Edinburgh PR efforts for the acclaimed dental teams at Lubiju and sister practice Drake Dental Practice paid off with an article in the Edinburgh Evening News about the treatment Biju Krishnan and his colleagues were offering a group of sick children from Belarus.
The Friends of Chernobyl’s Children (Edinburgh West) group have brought 25 children over from the Belarussian town of Mogilev for a month’s medical treatment, care and respite with Biju providing free examinations and treatments, worth thousands of pounds, for the children.
Mogilev was one of the town’s worst hit by the nuclear reactor meltdown on April 26 1986 when 190 tons of highly radioactive waste material was thrown into the atmosphere.
Of the radiation that was released by Chernobyl, over 70% fell onto the population of Belarus resulting in 800,000 children in Belarus and 380,000 in the Ukraine being at a high risk of contracting cancer or leukaemia.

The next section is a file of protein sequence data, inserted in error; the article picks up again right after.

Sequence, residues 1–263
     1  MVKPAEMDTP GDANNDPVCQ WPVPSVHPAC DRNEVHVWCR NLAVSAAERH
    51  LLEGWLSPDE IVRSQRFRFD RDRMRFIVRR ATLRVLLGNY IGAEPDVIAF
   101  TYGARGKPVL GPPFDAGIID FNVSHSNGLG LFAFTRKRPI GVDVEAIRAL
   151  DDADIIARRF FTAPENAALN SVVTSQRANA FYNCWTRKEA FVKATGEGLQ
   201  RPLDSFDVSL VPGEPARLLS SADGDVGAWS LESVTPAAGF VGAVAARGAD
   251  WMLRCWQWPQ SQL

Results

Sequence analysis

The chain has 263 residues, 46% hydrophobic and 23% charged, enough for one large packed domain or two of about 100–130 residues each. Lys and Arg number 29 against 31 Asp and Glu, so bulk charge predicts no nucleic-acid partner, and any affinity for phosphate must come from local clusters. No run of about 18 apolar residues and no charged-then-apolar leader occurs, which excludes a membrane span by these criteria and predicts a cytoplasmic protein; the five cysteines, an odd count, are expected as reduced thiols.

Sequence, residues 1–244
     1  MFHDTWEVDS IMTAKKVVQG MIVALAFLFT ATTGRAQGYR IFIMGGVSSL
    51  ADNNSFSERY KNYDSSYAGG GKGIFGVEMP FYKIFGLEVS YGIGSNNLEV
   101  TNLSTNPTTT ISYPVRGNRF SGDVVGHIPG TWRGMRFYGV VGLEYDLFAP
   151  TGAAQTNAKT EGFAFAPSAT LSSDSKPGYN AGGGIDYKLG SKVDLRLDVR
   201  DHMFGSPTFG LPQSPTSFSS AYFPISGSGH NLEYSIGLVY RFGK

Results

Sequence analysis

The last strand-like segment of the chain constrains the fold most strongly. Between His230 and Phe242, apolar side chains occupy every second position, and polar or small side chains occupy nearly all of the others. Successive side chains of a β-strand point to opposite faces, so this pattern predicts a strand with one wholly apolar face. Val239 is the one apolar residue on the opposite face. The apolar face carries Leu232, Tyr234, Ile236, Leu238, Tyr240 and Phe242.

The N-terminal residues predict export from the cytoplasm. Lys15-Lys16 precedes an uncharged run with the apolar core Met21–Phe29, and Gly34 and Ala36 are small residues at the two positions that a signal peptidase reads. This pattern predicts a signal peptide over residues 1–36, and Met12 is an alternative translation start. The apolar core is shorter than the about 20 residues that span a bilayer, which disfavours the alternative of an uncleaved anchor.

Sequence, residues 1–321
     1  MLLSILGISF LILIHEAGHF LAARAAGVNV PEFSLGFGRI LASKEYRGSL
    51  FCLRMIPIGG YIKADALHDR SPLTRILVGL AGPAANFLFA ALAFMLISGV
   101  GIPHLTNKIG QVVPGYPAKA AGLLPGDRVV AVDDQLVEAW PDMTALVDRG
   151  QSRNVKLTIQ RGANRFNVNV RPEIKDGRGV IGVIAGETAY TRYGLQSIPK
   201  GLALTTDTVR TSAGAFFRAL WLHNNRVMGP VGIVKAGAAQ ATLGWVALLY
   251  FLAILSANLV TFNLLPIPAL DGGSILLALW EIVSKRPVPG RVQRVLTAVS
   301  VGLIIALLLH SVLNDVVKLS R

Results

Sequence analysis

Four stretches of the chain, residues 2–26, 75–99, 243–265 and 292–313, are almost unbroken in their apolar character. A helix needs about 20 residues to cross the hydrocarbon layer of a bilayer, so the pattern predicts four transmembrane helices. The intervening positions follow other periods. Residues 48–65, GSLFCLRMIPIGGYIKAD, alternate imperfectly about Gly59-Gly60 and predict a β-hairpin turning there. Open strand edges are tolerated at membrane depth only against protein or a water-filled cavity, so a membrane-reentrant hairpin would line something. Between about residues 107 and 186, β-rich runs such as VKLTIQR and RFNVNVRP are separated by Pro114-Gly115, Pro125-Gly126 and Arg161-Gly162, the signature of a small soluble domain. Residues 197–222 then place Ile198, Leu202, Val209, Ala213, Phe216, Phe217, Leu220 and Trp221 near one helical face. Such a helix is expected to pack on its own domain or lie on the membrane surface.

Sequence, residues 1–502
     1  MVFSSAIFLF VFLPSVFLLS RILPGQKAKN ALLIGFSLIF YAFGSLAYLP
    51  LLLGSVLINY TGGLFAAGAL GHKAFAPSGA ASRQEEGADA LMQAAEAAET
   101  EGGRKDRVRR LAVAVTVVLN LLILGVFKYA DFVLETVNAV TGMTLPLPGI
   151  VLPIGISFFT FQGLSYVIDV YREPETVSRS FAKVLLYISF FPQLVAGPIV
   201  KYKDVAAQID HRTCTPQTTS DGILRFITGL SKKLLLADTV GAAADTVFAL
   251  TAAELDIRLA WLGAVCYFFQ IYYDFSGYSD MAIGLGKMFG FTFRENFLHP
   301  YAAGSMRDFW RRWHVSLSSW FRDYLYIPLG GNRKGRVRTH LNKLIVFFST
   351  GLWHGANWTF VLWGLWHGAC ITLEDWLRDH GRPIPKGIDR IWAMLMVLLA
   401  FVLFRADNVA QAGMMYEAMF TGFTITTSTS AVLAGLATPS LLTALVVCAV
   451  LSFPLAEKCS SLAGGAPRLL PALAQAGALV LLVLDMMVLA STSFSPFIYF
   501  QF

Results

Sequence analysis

The Friends of Chernobyl’s Children is a global group which brings as many children as possible to other towns for medical treatment, but also for a break from the harsh reality of their lives, where the average lifespan is 30.
However studies have shown that for every month spent out of the area, lifespans are extended by two years.
At the time of the incident, children in the Chernobyl area received a dose of radiation 40 times above permissible levels. The number of incidences of thyroid cancer is up 3000 per cent and it is estimated that over the next 15-20 years over 40,000 children in Belarus will contract the disease.
In Belarus cancer of the thyroid is so prevalent that the scar left after a thyroid operation is now chillingly referred to as a Belarussian Necklace, thus marking them forever as Chernobyl’s victims.
Local organizer for Friends of Chernobyl’s Children said Heidi Grant: “We can’t thank Biju enough for getting involved.”